Guess what’s big, white, and weighs about one trillion metric tons? It’s iceberg A23a, and it’s finally moving away from the Antarctic Peninsula! This massive chunk of ice broke free from the ocean floor in November 2023 after being stuck there for 37 years.
Back in 1986, the Filchner Ice Sheet in West Antarctica gave birth to iceberg A23a. However, it got stuck in the Weddell Sea soon after. Thanks to a mix of winds and currents, the iceberg finally broke free in November last year.
For the past few weeks, A23a has been drifting aimlessly in the Weddell Sea, but recent satellite images reveal that it’s now heading north, away from the Antarctic Peninsula. The European Space Agency noted that it passed by Elephant Island and is on its way to the southern Atlantic Ocean. A video compiled from sea-ice concentration data shows A23a’s journey from November 1, 2023, to January 23, 2024.
Iceberg A23a is massive, covering an area of 1,544 square miles (4,000 square kilometers) and reaching a thickness of about 919 feet (280 meters). To put it in perspective, it’s so big that you could fit 68 Manhattan islands within its vast expanse. Andrew Meijers, the chief scientist on the RRS Sir David Attenborough polar research vessel, visited the iceberg earlier this month and described it as stretching as far as the eye can see.
Predicting the iceberg’s exact path is tricky, but based on the routes of similar icebergs like A68 and A76a, it’s likely to head towards the Antarctic Circumpolar Current. From there, it’s expected to move into the South Atlantic, an area often known as “iceberg alley.” As A23a enters warmer waters, it will gradually break down and disintegrate over several years. This natural process is beneficial for the marine life in its vicinity.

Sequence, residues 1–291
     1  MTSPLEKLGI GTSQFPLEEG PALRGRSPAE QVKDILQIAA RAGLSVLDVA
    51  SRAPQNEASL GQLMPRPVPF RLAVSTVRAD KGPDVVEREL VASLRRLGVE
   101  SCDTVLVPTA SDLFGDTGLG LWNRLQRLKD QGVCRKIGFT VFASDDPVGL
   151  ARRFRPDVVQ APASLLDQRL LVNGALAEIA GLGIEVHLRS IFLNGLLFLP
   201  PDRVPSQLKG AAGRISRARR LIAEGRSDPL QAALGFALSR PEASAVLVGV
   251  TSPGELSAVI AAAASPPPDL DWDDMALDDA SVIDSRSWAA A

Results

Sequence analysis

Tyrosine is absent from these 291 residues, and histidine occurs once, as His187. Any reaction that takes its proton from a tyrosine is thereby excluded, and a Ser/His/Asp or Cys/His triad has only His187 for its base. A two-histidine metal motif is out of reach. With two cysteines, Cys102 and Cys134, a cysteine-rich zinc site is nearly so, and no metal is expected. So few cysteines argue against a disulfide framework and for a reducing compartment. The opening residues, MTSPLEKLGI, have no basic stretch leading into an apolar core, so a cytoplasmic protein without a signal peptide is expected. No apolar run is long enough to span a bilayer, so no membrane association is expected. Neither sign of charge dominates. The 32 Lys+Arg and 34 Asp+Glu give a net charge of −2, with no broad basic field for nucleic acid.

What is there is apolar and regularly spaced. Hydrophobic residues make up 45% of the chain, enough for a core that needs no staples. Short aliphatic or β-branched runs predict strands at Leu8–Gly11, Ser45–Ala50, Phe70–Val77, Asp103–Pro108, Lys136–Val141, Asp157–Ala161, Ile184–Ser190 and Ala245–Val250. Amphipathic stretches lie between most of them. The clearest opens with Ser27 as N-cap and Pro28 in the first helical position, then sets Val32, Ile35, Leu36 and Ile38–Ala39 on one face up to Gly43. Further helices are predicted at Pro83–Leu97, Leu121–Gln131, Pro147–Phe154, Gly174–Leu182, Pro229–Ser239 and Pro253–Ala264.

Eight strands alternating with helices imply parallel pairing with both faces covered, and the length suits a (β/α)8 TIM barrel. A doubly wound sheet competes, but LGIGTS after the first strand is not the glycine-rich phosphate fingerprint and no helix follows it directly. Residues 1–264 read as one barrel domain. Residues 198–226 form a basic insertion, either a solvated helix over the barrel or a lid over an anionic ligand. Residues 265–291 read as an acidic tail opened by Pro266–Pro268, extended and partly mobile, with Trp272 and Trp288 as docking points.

Giant icebergs like A23a can provide nutrients to the waters they pass through, fostering thriving ecosystems in less productive areas. Laura Taylor, a biogeochemist from the BIOPOLE project, mentioned that while we know these icebergs play a role in this process, we’re still learning about the specific impacts of their size and origins. The BIOPOLE mission, utilizing the RRS Sir David Attenborough, is currently studying A23a, having visited it before it broke free from the Weddell Sea.
In an interesting historical note, the Soviet Union’s Druzhnaya 1 Antarctic base was located on the Filchner ice sheet, where scientists worked from 1975 to 1986. When iceberg A23a broke loose in 1986, the base was still on top of it. In February 1987, the Soviets made one last visit, approaching the iceberg by ship to collect their equipment from the abandoned base.
For such great articles, stay connected with us on BEID News!